So, I was reading this story about these pastors who are trying to challenge the political endorsement restrictions of section 501(c)(3) of the tax code which provides tax-exempt status to churches and other non-profit organizations.
One of the rules under that section of the tax code is that these organizations cannot officially endorse or oppose a candidate, try to influence legislation, or engage in propaganda. And this is entirely fair. In theory, if this organization wasn't tax exempt and had to pay taxes on its income, I would benefit by paying less taxes or getting more services, therefore as a tax payer I am supporting this organization's tax-exempt status. Essentially, the taxpayers have made a compact with non-profits (and churches) to say "you don't get involved in politics and we'll subsidize you by making up the tax revenue that is lost via the tax-exempt money you collect."
It's so funny how the conservatives tend to talk about "entitlement" programs when their "core constituency" seems to think it's entitled to do whatever the heck it pleases. These churches that are challenging the political provisions of 501(c)(3) are under the mistaken belief that they're constitutionally entitled to tax-exempt status.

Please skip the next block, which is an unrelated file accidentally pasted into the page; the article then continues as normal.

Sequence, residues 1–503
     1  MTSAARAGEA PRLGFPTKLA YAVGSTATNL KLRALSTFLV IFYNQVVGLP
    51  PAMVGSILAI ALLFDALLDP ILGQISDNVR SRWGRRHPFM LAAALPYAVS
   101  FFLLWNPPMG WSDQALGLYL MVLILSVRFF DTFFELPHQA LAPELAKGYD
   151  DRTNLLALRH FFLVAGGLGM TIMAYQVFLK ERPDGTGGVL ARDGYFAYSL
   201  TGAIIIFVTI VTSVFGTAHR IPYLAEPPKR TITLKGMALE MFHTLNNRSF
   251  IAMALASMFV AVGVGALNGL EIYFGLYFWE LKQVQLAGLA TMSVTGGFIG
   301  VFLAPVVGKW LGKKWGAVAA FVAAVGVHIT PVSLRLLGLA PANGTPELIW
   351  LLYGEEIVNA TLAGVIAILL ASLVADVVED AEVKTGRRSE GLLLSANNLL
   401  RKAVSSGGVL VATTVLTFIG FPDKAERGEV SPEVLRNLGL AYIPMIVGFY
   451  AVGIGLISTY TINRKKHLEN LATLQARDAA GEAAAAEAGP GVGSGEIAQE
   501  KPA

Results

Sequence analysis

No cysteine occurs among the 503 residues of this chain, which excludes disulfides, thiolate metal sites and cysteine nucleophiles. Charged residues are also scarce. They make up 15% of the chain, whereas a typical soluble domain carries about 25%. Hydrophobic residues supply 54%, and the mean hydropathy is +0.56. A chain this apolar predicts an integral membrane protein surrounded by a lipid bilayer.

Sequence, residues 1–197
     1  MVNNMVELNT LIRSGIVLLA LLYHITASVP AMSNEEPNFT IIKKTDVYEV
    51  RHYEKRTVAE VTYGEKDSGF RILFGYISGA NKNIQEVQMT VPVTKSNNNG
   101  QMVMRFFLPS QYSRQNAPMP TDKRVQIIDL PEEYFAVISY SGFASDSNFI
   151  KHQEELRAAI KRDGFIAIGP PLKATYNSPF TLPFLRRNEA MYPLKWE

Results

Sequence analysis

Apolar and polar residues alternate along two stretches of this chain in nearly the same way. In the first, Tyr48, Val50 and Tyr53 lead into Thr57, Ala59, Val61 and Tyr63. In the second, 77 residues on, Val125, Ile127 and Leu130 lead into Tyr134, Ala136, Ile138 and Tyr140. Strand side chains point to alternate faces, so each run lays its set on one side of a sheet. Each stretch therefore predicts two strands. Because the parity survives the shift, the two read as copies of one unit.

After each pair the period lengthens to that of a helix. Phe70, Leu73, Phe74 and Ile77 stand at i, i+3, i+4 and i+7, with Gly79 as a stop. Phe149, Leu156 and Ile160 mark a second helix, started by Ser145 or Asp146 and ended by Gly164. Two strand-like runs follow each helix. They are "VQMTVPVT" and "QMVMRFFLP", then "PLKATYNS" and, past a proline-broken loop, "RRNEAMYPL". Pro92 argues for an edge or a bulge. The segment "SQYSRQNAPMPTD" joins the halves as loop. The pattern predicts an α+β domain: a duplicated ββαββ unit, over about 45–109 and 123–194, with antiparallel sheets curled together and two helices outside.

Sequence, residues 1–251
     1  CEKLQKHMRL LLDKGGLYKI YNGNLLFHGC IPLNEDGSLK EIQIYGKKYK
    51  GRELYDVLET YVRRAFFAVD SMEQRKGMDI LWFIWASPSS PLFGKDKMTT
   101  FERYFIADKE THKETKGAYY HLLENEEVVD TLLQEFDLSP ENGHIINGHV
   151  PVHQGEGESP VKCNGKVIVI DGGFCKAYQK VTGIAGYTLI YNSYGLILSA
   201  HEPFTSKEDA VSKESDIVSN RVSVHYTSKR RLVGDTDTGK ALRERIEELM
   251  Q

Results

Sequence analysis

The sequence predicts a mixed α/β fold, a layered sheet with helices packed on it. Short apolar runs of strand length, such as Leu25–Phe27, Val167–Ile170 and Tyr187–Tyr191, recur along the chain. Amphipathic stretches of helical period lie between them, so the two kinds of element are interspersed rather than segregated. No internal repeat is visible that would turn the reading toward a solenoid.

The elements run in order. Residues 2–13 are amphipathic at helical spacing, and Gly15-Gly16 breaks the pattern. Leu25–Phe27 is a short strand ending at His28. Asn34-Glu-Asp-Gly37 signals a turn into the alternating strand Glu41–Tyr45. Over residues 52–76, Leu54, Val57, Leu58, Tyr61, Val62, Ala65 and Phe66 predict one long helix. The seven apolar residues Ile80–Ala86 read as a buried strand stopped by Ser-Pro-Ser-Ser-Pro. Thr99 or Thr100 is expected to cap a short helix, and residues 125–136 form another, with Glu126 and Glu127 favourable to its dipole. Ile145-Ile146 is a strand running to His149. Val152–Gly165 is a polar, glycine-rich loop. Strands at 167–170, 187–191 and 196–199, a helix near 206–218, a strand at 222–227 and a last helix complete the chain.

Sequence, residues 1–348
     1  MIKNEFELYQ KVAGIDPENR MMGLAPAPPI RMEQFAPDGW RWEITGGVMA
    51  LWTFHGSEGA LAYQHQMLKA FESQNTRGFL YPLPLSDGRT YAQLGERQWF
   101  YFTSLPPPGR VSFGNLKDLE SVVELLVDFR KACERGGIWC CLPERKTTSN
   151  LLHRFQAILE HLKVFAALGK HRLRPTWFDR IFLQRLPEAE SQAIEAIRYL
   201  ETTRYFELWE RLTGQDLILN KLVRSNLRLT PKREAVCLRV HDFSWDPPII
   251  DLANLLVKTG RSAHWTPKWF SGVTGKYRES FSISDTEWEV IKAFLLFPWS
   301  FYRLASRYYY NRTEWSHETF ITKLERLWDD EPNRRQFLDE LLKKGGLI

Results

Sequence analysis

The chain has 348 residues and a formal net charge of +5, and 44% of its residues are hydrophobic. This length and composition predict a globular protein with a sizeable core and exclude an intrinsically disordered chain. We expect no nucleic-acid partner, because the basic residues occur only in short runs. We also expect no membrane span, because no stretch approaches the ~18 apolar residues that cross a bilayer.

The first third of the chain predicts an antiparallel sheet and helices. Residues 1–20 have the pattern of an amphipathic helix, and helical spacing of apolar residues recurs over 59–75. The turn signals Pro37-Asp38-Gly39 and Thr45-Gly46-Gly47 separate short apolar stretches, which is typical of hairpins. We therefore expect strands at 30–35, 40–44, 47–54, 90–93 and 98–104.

Nope. That's a privelege, not a right. The taxpayers have agreed to let you off the hook they place themselves on, but they've put some conditions on it. If you don't want to agree to those conditions, you're free to do so without penalty, but you have to pay taxes. You're not getting a right taken away, but surrendering a privilege.
And yes, candidates do come speak at churches, but that's under an equal time rule like broadcasters have to follow. If Obama goes to speak at a church, that church has to give McCain an equal chance to speak there if he wants to.
It just galls me what huge shmucks these pastors who are challenging this law are. They may claim to understand God's law, but they have no concept of the law of man and can't get it through their thick skulls that the tax exempt status of religious institutions is not guaranteed in the constitution, and just as we tax Muslims and Christians the same, we can tax Dry Cleaners and Churches the same. And with a Supreme Court that went for the habeas corpus rights of Guantanamo detainees despite being stacked with conservatives, do you honestly think they're going to re-interpret the First Amendment that "liberally" as to read a tax-exempt status for religious enterprises into it?
I understand you have a political opinion and that it is informed by your faith, and to the extent that you carry it out as a private citizen, I say "more power to you." But when you violate the conditions of your church's tax-exempt status from the pulpit, I say "double dumbass on you, you deserve to lose your priveleges."